The capital of Maharashtra and India’s economic powerhouse, Mumbai is a huge metropolis home to over 22 million people. A melting pot of cultures, the affectionately named City of Dreams envelops all who come in a cloud of colour and sound, its energy undeniably contagious. Mumbaikars have a real love for life, which they live at quite a pace, and the best way to enjoy this city is to simply join them.
Mumbai is a huge, bustling city but catch it in the early hours of the morning and it takes on a totally different personality. You’ll start your tour at sunrise at the grand Chhatrapati Shivaji Terminus where the cogs that keep the city running are set in motion. Newspapers are sorted ready for delivery to the city and the suburbs; milk vendors cycle past with huge canisters of milk; and freshly baked bread is transported to the shops of Mumbai. You’ll arrive at Sassoon Docks in time to see the Kohli fishermen pull in with the morning catch before making your way to the colourful flower market and Crawford fruit and vegetable market, where it is estimated 3000 tonnes of produce is traded every day.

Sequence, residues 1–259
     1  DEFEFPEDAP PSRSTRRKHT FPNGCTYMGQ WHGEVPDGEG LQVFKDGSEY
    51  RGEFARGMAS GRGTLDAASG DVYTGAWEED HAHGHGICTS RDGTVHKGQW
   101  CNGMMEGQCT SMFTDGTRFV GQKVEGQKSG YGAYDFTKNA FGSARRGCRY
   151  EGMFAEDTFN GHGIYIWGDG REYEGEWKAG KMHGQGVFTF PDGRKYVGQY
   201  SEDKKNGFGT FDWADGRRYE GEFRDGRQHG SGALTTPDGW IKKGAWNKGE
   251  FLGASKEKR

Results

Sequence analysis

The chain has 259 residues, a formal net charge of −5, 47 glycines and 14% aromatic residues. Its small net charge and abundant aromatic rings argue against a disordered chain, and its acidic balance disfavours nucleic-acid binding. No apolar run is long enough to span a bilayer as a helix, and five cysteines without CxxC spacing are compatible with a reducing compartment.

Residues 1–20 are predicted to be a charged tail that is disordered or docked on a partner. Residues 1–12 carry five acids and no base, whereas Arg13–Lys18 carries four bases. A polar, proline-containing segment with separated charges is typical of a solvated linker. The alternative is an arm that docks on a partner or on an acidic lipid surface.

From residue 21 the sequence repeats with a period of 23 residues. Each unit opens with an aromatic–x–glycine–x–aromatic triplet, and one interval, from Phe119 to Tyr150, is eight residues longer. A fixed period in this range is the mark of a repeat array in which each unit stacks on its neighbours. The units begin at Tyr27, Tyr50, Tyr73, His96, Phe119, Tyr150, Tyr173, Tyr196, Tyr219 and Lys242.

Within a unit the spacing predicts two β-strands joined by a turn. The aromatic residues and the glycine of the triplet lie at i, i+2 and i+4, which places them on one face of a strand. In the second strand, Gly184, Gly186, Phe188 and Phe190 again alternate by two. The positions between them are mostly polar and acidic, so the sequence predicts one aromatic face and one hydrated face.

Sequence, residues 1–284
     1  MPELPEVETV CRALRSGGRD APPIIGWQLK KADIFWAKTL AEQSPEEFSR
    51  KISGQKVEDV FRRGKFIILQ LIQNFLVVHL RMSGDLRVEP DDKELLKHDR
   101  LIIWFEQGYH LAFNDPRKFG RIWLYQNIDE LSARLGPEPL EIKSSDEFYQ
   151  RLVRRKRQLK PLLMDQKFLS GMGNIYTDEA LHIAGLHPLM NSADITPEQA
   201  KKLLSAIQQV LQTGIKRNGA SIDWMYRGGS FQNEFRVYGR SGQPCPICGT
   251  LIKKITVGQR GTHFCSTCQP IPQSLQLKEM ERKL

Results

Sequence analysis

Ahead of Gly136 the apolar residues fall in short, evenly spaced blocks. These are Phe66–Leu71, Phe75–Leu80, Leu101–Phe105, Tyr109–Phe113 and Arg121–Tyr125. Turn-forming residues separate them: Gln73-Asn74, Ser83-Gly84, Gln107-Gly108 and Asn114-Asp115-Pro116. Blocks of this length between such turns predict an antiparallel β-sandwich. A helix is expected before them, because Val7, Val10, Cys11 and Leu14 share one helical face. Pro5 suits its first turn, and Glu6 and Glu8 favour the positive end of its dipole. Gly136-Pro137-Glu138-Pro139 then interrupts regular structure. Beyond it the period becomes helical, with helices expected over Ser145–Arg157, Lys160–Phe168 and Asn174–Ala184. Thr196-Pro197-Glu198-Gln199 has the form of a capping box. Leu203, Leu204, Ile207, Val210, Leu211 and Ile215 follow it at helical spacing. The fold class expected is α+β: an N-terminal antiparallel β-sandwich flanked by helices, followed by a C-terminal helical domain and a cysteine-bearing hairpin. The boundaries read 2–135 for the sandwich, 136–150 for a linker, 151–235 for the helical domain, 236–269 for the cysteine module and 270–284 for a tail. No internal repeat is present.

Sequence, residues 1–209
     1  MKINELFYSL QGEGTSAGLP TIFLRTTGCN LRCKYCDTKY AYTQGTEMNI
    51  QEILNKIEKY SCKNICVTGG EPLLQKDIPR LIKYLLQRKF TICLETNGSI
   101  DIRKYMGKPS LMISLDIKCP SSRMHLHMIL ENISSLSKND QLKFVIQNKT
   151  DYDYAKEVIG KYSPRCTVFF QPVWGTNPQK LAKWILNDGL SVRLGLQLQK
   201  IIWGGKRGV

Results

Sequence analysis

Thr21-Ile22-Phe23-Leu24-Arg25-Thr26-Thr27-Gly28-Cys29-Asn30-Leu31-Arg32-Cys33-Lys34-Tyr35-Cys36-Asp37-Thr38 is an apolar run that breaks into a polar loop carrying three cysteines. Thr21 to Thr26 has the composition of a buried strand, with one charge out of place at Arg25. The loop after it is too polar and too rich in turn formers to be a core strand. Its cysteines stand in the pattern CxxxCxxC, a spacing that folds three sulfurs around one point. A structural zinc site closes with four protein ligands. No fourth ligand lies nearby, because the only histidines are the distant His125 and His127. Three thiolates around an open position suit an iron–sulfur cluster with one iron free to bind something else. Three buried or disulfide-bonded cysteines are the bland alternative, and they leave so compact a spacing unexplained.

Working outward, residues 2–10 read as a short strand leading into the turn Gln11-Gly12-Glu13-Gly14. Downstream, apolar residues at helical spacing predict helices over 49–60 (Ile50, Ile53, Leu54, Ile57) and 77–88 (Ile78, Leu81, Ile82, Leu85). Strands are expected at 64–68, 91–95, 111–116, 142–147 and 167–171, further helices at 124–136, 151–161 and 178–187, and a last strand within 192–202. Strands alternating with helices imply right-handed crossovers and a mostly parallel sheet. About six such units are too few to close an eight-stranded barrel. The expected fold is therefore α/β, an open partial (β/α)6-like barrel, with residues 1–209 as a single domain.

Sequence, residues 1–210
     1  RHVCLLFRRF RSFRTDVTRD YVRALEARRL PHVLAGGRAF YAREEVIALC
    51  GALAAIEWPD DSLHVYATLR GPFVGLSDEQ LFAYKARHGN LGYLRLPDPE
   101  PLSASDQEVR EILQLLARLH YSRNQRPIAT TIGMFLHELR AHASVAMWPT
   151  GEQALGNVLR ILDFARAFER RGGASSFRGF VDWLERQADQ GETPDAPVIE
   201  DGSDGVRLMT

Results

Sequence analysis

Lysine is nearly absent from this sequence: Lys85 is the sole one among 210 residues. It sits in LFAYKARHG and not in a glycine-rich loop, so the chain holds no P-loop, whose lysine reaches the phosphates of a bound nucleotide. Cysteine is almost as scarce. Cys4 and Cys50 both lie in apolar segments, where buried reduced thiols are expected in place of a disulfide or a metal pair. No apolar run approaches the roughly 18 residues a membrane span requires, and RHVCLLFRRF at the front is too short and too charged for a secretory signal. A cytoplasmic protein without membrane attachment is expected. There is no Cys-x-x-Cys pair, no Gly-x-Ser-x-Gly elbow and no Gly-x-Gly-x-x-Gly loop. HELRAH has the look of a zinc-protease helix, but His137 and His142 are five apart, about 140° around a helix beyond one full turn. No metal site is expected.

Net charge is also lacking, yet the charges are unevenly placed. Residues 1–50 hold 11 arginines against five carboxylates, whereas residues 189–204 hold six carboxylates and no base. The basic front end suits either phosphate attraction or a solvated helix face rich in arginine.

Your tour starts with a visit to Gateway of India, one of Mumbai’s most iconic landmarks. It was built in 1924 by George Wittet, whose brief was to combine the grandeur of a Roman triumphal arch with decorative motifs from Hindu and Muslim architecture. Overlooking the harbour, the Gateway was to celebrate the visit of King George V and Queen Mary. Whilst it served as an arrival point for visitors from the west, it also marked the spot where the British departed India in 1947. Explore the historic Kala Ghoda area, home to a range of architectural styles from Gothic to art deco. Food stalls, cafes and galleries line the streets which also serve as a makeshift cricket pitchs for enthusiastic locals. You’ll also visit the impressive Chhatrapati Shivaji Terminus, a huge Victorian Gothic station and a great place to people watch.
When it comes to lunch, popping out for a sandwich is just not how they do it in Mumbai. The dabbawalas are a 5,000 strong group who deliver 200,000 lunch boxes every day to offices around the city. Every morning the dabbawalas call on homes to pick up dabbas, or lunch boxes, filled with home cooked food prepared for offices workers. All the boxes look identical but a very well organised and precise system ensures they all end up at the correct desk. You'll visit Churchgate Station to see this amazing process in action.